Pet experts explain how to support our dogs during the winter

Pet experts explain how to support our dogs during the winter

As the colder weather and darker days are upon us, it’s normal for some of us to experience Seasonal Affective Disorder (SAD) – in fact, one in three Brits experience symptoms.

The reason this happens is due to our brains’ chemistry when the drop in daylight hours combined with chillier temperatures causes the human brain to produce less serotonin and more melatonin. This causes a chemical imbalance that produces SAD symptoms.

Low mood, a lack of sleep and a loss of appetite are just some of the symptoms associated with SAD.

But it seems that our dogs can also be affected and can go through their own ruff time (pardon the pun) if they are able to pick up on changes to owners’ behaviour during the seasonal changes.

A study by the UK’s leading vet charity, People’s Dispensary of Sick Animals (PDSA), revealed that a third of dog owners noticed a downward turn in their pet’s mood during the colder months.

Half of the owners studied also reported that their pets slept for longer periods of time, while 20 per cent noted that their pets were significantly less active.

As a result of the study’s findings, we spoke to the head of clinical behaviour at the RSPCA Lorella Notari and pet expert at Webbox Naturals Julie Butcher on how we can support our pooches during the colder season.

Notari said: “There’s no clear evidence to suggest that dogs can be impacted by seasonal affective disorder itself but changes to owners’ behaviour due to the season can definitely have an impact on their daily routine and, therefore, their mental wellbeing.”

Butcher, meanwhile, notes how studies have shown “that humans share a lot of the same brain chemistry with dogs” and therefore it’s conceivable that they may possibly experience a similar chemical imbalance to those of us who experience SAD.

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Here are some of their top tips to follow if you notice any changes in your dogs’ behaviour.

Keep up your summer routine through the winter months

Butcher says: “Try to keep their daily routine up throughout the winter months. Whilst we do appreciate that windy walks in the rain may not be as inviting as those lovely warm summer strolls, it’s important to keep your dog stimulated by new sights and smells.

“With less sunshine throughout the winter months, a daily walk may also be the only chance your dog gets to experience some natural sunlight, so try to get out during the day if you can.”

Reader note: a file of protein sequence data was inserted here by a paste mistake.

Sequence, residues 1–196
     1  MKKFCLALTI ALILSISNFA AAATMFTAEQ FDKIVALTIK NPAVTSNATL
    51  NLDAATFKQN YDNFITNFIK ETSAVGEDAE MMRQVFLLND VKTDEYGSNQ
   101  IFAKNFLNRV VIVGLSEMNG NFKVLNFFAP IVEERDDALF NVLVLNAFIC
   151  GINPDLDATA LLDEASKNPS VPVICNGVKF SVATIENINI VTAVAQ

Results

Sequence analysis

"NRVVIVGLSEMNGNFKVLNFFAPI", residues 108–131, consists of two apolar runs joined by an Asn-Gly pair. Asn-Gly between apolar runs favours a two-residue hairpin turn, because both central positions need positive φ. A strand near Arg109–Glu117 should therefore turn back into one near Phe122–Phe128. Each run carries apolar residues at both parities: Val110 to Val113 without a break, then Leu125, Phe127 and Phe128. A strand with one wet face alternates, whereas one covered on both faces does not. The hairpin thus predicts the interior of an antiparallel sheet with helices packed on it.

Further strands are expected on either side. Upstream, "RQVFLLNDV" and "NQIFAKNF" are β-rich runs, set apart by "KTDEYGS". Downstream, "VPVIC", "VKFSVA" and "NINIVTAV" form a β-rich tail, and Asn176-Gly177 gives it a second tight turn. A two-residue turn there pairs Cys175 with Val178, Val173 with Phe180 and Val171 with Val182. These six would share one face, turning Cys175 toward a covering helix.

Notari also added how it is “vital that you ensure your dog has continued levels of exercise and stimulation to keep them happy during the winter months.”

Remember that every dog is different

“Some dogs may receive less outdoor activity and reduced exercise during the colder, wet and darker winter months and this can cause boredom and frustration for our dogs,” Notari said.

“For others, winter can actually be less challenging for them as the hot summer weather but it’s important to protect our pets and keep them safe during both hot and cold seasons.”

Ensure your dog keeps warm during cold weather

“With the colder weather taking hold, the freezing temperature will no doubt affect all of our moods so just like we would want to keep warm, we need to ensure we do the same for our pooches.

“It’s really important to keep your dogs warm during the colder weather - especially if they’re ageing or have underlying health conditions,” Nortari explained.

Encourage indoor activity

“It’s important to ensure that dogs frequently have opportunities for stimulation and entertainment, so make time to interact with your dog throughout the day,” Butcher said.

“You could also invest in some sensory pet toys that will give your pooch something to play with, even if you’re not at home.”

Improve your internal lighting

“You could even purchase special light boxes that are designed to replicate natural sunlight to help alleviate the effects of SAD. While these products are designed by humans, it’s something that could also have a positive effect on your pooch.”

Butcher added: “If you’d rather not disturb your current lighting situation, simply moving your dog’s bed nearer a sunny-side window could help them soak up the natural rays better.”

Look after yourself

“Many people agree that pets will often react to and reflect their owner’s moods, so it’s important that you look after your own mental health – especially if you’re worried about your pets’.

“Focus on your stress levels, and make sure that you’re not outwardly projecting any negative characteristics around your pet that they could pick up on.”

Notari similarly voiced this point and added how “changes to owners’ behaviour due to the season can definitely have an impact on their daily routine and, therefore, their mental wellbeing.”

For further information, visit the RSPCA and Webbox website

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